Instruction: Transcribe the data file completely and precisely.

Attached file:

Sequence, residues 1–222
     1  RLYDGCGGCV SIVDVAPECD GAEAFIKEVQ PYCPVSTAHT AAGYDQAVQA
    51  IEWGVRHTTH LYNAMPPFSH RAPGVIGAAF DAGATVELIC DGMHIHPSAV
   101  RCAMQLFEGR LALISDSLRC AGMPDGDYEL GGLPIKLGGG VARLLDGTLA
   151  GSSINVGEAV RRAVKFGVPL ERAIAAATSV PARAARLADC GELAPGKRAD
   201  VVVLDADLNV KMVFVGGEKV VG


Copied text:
Sequence, residues 1–222
     1  RLYDGCGGCV SIVDVAPECD GAEAFIKEVQ PYCPVSTAHT AAGYDQAVQA
    51  IEWGVRHTTH LYNAMPPFSH RAPGVIGAAF DAGATVELIC DGMHIHPSAV
   101  RCAMQLFEGR LALISDSLRC AGMPDGDYEL GGLPIKLGGG VARLLDGTLA
   151  GSSINVGEAV RRAVKFGVPL ERAIAAATSV PARAARLADC GELAPGKRAD
   201  VVVLDADLNV KMVFVGGEKV VG